The flamboyant former deputy mayor of Sydney’s Auburn, Salim Mehajer has been banned from managing corporations for three years to protect the public from his “incompetence” after the corporate regulator found his business conduct “lacked commercial reality”.
In an unusual situation, the Australian Securities and Investments Commission this morning announced it had banned Mr Mehajer in November last year — three months after his opulent wedding drew attention to allegations of corruption at Auburn Council — but he had appealed the decision and also successfully obtained court orders suppressing disclosure of the banning order.
On August 19 the Administrative Appeals Tribunal upheld ASIC’s decision to disqualify Mr Mehajer and found the property developer had “adopted a cavalier approach” to managing two of his failed companies.
Those companies were SM Property Developments and SM Engineering and Constructions, which owed over $1 million to the Australian Taxation Office as well as money to other creditors.
ASIC’s banning orders in November last year came after an investigation by The Australian uncovered alleged serious irregularities with the way those companies had been operated.
The AAT decision upholding ASIC’s order was itself subject to a suppression order which expired midnight last Friday night.
It was immediately unclear why courts would grant suppression orders over such information to the detriment of transparent processes.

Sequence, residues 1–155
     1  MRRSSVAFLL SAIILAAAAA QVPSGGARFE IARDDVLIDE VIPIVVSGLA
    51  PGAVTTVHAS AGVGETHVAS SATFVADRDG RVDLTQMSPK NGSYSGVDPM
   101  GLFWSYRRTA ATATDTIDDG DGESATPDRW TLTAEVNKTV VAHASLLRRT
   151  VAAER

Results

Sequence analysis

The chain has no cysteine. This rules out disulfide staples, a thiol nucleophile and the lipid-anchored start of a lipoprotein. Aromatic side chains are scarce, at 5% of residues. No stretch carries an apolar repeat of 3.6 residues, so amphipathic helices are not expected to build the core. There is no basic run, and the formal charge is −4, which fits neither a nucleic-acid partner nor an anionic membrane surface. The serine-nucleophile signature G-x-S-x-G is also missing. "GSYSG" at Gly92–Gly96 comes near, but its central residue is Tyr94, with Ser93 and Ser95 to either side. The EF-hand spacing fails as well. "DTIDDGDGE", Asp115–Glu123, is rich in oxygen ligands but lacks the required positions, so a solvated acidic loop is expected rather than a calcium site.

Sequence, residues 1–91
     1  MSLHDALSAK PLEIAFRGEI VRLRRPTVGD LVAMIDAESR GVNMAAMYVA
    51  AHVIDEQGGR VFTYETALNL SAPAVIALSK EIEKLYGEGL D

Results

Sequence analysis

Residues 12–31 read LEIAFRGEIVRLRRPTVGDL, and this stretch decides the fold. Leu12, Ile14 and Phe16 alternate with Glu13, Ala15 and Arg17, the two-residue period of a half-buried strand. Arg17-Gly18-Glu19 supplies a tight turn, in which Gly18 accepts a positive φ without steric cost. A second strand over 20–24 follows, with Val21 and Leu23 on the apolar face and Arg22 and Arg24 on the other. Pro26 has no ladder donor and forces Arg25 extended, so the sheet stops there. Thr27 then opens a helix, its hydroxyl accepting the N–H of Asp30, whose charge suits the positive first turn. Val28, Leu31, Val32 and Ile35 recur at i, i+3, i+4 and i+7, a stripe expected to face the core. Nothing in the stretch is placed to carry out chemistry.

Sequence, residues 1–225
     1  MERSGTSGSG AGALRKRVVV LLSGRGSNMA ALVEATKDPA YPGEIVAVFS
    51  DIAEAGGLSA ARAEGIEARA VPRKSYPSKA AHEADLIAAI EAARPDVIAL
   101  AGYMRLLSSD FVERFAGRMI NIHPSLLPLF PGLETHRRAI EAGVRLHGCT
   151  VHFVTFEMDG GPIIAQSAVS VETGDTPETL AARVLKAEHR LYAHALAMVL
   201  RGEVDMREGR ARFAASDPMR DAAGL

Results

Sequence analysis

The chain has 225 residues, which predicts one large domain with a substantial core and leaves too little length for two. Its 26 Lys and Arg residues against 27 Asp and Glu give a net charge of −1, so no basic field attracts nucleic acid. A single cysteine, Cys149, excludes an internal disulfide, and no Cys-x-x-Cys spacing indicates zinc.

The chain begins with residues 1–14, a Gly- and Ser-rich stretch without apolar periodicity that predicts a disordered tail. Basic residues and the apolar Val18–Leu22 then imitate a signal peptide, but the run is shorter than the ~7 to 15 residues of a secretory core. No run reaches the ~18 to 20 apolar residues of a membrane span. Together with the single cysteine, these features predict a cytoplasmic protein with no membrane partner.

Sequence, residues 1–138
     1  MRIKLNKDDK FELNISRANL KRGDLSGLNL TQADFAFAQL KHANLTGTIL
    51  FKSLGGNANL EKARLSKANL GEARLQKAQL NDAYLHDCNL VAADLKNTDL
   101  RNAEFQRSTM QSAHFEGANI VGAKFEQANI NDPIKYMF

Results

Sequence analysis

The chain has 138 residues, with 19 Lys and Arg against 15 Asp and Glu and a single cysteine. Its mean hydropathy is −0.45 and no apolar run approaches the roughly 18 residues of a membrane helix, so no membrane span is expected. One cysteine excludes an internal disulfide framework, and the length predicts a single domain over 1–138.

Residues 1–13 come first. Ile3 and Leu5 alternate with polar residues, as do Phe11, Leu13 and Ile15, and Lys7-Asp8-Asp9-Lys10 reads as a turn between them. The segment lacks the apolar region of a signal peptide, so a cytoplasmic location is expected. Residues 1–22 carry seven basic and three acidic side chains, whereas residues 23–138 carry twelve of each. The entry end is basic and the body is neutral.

On Saturday, hours after the suppression order expired, Mr Mehajer posted to Instagram a picture of a ship on Sydney Harbour with the words “Goodbye Australia”.
“Will be taking off to pursue my dream challenges,” he wrote, along with the words “I’ll be back”.
The apparent departure comes a week after the public inquiry into Auburn Council wound up hearings.
The entire Auburn Council was sacked in February ahead of the inquiry, which was brought about following concerns over the close links between property developers and Auburn councillors.
ASIC found Mr Mehajers “inability to manage corporations to the standard expected of him” caused the two property development companies to collapse.
He had failed to ensure SM Project Developments “maintained adequate financial records” and to ensure it lodged legally required returns with the ATO, and only provided required information to the company’s liquidator “after ASIC took criminal proceedings against him”.
“ASIC also found Mr Mehajer’s conduct lacked commercial morality in that he allowed SMPD to collect GST of $315,192 from the sale of townhouses but failed to remit it to the ATO,” ASIC said in a statement this morning.
In July The Australian revealed Mr Mehajer was alleged to have moved $20m to Lebanon and NSW Police were understood to have prepared a report on the transfer.
The transfer was not illegal but is understood to have drawn the attention of authorities because of the controversy surrounding Mr Mehajer.